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Old 03-25-2017, 02:58 PM
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Slotted rotors - any *real* issues?

Hey, I want to replace the brakes and rotors on my jk. My problem is that I am *very* limited as to where I can purchase them. Currently, Amazon is the only website that can actually clear customs where I live, which leaves me with a very small selection.

Of that selection I'm interested in ebc gd7447 and 7446:
https://www.amazon.com/gp/aw/d/B002Y...KIKX0DER&psc=1

Those are slotted but but not drilled (solid ones are not offered). I've read that slotted rotors are not recommended - is this true or can I order those? I know TF make a slotted set, so what is the big deal about them being slotted (apart from price of course)?

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Old 03-25-2017, 03:21 PM   #2
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With modern tech honestly its more your butt dyno that is the opinion decision. The slots are designed to evacuate gassing from between the rotor and pad. It carries the same down side as drilled does and that is the ability to develop cracking in the rotor under extreme use. Unless you plan on racing or do extreme mountainous driving. Standard rotors are just fine for normal applications- even with over sized tires. Only thing I would change to with oversized is a bigger braking system to give more friction surface for more stopping potential. Other then that depending on the quality of the slots you may feel a little bit of vibration in the pedal when braking .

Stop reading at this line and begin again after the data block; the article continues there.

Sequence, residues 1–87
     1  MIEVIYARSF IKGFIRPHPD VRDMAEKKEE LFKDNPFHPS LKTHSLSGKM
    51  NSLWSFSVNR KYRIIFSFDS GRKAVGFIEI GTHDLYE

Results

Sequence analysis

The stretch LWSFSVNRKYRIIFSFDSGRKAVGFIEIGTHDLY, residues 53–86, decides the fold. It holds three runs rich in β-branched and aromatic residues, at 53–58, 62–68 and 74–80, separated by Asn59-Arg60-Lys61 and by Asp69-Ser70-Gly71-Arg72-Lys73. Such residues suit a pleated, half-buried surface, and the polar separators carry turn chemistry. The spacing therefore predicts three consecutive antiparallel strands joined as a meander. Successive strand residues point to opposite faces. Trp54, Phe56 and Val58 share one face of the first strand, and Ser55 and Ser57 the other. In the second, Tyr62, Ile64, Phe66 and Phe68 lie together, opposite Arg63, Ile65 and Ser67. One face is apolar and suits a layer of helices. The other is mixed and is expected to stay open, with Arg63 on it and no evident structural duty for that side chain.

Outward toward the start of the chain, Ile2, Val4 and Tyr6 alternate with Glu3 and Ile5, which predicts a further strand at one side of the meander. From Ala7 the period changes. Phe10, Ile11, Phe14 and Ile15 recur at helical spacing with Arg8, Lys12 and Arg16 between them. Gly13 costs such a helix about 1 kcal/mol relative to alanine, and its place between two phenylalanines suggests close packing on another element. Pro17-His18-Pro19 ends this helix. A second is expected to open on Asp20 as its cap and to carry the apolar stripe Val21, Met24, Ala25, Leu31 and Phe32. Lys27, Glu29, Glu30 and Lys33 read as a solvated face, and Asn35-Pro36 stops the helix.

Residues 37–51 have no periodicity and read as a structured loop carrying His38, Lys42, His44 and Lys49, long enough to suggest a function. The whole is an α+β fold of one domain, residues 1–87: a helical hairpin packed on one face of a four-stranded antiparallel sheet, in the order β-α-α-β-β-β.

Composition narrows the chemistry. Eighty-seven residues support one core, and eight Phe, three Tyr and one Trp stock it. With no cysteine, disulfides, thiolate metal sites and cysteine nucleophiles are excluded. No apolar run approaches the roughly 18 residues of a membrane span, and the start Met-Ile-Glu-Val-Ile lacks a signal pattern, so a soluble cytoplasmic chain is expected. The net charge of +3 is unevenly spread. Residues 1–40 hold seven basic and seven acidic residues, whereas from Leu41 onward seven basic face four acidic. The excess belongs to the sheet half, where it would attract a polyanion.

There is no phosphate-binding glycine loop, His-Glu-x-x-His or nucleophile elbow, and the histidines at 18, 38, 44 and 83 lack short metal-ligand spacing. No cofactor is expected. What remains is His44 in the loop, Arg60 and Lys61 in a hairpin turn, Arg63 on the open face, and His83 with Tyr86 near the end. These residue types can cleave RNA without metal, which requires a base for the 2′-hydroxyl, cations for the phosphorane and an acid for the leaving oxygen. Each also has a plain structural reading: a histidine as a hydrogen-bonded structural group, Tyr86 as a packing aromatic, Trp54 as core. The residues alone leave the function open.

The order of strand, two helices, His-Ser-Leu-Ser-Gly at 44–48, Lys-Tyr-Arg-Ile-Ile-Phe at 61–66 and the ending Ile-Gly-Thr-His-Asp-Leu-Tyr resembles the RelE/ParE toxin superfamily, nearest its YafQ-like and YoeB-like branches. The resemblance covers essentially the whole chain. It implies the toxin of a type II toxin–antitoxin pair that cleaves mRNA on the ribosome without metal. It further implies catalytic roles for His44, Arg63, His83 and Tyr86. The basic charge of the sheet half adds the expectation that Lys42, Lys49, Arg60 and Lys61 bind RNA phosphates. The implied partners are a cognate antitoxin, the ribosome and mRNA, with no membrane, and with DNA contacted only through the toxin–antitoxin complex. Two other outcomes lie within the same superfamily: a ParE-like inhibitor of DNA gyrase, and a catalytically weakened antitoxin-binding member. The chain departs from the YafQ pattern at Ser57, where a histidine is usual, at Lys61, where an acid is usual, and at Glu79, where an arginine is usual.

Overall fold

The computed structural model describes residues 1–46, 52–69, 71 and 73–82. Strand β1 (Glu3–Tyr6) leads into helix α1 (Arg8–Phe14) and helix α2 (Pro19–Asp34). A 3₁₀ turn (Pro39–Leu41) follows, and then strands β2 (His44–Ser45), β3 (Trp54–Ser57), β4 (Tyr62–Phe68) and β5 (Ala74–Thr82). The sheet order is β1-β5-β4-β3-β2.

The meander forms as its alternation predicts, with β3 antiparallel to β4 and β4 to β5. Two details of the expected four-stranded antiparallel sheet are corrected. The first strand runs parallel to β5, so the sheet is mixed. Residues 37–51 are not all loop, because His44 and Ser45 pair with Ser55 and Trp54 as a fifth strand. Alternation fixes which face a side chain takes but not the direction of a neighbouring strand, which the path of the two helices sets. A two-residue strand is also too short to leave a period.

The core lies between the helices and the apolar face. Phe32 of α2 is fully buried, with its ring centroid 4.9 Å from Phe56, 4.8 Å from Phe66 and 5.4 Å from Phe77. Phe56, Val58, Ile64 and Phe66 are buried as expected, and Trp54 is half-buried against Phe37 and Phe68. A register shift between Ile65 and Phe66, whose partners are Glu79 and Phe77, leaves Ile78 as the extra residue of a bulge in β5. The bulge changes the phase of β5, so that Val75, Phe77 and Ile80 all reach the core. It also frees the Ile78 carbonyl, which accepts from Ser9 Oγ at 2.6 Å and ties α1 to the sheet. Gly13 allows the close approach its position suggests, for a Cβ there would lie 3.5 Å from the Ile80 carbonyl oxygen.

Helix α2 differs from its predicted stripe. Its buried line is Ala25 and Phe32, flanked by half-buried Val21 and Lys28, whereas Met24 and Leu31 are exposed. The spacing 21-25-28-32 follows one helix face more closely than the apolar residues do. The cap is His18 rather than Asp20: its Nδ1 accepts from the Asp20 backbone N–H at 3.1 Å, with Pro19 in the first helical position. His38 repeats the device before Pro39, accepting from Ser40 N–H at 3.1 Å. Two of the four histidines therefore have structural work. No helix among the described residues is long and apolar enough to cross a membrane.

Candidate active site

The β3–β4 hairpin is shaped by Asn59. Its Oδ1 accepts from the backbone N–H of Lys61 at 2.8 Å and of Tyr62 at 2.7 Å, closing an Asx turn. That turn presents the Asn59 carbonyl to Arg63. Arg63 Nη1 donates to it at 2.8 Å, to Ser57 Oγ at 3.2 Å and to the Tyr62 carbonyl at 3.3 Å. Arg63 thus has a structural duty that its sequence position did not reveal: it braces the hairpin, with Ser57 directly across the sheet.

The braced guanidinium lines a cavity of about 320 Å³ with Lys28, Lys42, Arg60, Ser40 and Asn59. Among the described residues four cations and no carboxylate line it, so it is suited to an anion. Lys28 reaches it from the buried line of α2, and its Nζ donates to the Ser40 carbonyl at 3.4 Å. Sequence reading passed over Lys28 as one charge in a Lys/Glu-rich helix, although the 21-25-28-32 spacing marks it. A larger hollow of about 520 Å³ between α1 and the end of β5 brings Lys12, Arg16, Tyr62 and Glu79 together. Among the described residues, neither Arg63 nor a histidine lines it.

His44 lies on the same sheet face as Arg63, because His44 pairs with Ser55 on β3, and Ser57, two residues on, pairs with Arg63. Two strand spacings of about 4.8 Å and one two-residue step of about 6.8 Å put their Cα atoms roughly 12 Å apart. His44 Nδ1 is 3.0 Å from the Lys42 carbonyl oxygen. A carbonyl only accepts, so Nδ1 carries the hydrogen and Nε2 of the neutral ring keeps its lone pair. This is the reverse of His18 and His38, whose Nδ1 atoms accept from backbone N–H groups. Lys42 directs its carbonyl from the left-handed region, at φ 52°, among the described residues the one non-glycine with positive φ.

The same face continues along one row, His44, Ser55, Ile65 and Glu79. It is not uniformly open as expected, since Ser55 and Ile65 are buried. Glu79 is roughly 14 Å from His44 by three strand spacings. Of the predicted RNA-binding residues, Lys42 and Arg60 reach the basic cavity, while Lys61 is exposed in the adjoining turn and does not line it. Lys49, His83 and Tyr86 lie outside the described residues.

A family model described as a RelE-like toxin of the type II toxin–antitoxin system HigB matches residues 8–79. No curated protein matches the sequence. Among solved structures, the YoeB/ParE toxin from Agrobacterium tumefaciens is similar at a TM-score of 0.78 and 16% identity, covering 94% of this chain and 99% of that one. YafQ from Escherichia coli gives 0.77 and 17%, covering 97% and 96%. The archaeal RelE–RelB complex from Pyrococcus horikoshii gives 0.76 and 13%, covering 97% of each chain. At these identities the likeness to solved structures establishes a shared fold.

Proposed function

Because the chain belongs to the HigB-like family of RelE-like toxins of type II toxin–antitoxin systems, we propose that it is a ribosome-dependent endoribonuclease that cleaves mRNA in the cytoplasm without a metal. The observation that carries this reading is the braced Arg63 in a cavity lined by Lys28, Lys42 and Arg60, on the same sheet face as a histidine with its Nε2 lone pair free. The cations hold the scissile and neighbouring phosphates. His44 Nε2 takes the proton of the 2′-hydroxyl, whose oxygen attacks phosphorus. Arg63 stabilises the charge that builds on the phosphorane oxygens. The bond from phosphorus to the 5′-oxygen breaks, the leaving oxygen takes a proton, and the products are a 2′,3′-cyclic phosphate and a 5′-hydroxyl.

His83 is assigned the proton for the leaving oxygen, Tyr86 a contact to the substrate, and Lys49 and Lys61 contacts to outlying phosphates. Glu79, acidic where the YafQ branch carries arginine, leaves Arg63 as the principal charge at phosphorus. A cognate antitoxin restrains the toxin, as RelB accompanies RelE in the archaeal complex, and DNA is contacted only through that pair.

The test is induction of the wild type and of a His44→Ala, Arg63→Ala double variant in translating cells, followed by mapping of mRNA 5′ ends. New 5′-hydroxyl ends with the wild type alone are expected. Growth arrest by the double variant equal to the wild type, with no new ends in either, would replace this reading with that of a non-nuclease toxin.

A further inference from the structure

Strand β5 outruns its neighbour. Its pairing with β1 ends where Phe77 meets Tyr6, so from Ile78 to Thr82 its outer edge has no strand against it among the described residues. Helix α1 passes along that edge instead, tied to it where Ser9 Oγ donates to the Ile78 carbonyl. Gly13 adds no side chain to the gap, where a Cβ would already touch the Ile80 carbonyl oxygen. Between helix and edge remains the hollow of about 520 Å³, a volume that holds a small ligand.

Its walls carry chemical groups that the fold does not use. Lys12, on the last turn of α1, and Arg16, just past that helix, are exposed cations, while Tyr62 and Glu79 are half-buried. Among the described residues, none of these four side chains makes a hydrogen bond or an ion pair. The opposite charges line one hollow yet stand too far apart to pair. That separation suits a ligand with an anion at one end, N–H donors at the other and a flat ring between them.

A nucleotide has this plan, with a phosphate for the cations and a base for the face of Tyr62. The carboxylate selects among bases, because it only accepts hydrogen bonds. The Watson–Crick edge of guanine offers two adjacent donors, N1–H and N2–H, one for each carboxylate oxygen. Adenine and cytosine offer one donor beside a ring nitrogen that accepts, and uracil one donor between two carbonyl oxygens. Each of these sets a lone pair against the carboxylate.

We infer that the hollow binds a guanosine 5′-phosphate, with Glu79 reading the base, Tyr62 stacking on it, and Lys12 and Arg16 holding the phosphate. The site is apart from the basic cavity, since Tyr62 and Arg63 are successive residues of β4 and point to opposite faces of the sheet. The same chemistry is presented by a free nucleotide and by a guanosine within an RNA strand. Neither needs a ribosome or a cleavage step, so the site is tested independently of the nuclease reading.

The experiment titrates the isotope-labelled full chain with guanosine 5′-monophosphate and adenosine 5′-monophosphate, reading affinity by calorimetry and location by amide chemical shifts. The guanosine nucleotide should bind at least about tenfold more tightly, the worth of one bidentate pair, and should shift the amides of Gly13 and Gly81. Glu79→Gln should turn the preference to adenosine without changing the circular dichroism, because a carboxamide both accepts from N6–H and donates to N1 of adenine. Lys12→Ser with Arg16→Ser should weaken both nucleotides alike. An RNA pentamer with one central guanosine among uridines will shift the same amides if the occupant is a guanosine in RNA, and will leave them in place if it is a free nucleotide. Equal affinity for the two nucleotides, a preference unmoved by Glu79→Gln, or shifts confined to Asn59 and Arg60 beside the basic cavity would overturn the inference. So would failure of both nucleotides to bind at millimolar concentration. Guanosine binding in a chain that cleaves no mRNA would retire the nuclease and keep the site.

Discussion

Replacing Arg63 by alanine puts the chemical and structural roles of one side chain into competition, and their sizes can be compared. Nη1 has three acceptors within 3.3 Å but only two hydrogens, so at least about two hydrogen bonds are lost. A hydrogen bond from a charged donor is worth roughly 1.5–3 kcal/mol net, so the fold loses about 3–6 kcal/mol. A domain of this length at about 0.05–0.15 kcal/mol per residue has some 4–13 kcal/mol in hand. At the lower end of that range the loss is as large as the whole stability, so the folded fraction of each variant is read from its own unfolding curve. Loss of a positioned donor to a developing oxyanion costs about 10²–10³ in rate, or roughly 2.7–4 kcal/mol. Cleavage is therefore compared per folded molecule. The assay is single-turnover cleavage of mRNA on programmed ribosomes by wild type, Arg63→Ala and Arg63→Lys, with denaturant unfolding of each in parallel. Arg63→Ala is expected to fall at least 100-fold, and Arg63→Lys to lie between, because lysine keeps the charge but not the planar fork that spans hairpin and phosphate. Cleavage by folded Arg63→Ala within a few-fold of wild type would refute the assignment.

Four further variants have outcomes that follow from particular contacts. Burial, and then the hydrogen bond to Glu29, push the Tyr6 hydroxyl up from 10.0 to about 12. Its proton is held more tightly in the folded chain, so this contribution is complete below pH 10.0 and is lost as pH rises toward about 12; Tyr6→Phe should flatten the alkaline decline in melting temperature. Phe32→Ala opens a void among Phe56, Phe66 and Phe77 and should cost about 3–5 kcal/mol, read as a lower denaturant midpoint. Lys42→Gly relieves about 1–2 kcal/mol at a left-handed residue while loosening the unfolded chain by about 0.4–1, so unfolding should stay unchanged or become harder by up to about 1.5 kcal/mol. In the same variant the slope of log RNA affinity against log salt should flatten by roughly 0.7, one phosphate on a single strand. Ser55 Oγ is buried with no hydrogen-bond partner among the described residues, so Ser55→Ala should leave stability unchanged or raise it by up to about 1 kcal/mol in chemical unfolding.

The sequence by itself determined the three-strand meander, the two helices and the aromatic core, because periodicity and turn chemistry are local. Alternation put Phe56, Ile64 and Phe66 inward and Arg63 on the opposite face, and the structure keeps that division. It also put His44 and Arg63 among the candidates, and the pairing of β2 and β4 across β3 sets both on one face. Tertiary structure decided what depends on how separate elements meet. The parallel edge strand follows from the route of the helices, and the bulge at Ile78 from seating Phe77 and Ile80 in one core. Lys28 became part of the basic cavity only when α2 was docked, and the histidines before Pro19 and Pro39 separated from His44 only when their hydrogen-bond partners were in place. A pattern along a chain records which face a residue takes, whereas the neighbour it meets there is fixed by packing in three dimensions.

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Old 03-25-2017, 03:26 PM   #3
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The slots can also collect mud/debris when offroading.
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Old 03-25-2017, 04:25 PM   #4
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I find my slotted squeak more, likely do to debris.

You can also take this chance to do a little customizing. Here's mine when I installed them:






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Old 03-25-2017, 04:48 PM   #5
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Slotted rotors do fill with mud and dirt which wear pads out quickly. I had slotted and drilled rotors and have since gone back to plain rotors.
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Old 03-25-2017, 04:48 PM
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I wanted to get solids but as I said I very limited as to what I can actually purchase and have delivers to me. The EBC slotted are among the few that I can choose from. Is the whole "dust and debries" getting in is based on something or experience?
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Old 03-25-2017, 05:25 PM   #7
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Experience. Over the course of the 3 years I ran them I went through 5 sets of rear pads. I usually only go through a set of rear pads every 1 1/2 years.
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Old 03-25-2017, 06:01 PM   #8
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It only makes sense that when driven in a dusty area, you will get more stuff in the slots. It's not a big deal on the road, but off road dust gets everywhere. Add a little water and you have a mess. I would think cross drilled would just give more spots for little rocks and stuff to collect.
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Old 03-25-2017, 06:19 PM   #9
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If it is your only option it is a perfectly good option. Just be glad drilled are not your only option.
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Old 03-25-2017, 08:43 PM   #10
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Quote:
Originally Posted by mrsuthern View Post